Before World War I, international law was quite clear that sovereigns were free to do whatever they chose to their citizens to maintain order and control, as long as their actions did not affect conditions in neighboring states.
Gradually, in the first half of the 20th century, this principle came down. This began after World War I with the creation of institutions like the International Labor Organization, whose core principles compel member states to guarantee freedom of association and by implication guarantee free speech.
The Holocaust and Nuremberg Trials ended the notion that national governments are compelled by international law to turn a blind eye when other national governments inflict atrocities. Over the past seven decades, governments of all stripes have articulated an elaborate web of international human rights law with limited remedies. The latter includes international courts and extraterritorial jurisdiction for domestic courts to bring to justice deposed leaders who commit crimes against humanity.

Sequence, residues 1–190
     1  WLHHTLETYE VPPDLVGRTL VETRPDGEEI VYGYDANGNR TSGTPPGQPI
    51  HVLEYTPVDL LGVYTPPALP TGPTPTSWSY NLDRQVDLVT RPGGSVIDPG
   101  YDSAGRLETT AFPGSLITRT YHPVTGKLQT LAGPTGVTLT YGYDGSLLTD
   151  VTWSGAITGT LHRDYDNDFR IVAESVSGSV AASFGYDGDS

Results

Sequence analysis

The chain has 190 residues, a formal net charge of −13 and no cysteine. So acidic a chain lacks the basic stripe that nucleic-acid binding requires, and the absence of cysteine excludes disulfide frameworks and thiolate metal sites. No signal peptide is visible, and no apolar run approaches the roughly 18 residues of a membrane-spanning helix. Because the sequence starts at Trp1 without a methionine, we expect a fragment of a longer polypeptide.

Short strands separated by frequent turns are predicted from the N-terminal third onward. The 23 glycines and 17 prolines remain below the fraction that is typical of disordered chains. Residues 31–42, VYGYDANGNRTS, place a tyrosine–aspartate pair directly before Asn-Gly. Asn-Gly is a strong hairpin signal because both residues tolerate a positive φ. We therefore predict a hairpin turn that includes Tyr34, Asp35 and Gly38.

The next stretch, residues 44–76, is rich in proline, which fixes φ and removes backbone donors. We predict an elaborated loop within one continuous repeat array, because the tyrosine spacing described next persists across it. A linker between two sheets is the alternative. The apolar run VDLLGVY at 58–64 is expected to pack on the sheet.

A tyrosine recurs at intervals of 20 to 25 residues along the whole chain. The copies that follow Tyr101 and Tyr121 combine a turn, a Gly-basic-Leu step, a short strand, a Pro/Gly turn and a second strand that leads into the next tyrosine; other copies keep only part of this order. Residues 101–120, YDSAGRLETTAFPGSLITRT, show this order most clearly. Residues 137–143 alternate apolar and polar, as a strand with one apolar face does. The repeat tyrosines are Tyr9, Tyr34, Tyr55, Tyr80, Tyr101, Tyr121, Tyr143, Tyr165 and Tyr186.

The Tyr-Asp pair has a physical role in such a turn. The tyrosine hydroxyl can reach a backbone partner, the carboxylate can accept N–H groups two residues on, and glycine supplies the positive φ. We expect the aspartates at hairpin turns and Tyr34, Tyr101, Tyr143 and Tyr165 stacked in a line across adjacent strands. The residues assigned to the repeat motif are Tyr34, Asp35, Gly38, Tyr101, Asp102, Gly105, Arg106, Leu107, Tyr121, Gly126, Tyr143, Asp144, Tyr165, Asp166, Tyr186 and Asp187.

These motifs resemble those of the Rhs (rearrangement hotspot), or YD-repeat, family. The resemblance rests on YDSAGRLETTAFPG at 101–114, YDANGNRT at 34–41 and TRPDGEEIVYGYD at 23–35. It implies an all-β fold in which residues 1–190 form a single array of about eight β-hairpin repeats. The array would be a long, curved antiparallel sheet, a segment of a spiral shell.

However, the pressing question is when do governments have a right and responsibility to intervene militarily against the actions of other governments that violate international human rights law, as is the case with Qaddafi.
Neither the United States nor an assembly of allies with comparable resources can be expected to police the world. More important, no national leader or legislature, under emerging international law has the wisdom or right to assume that authority.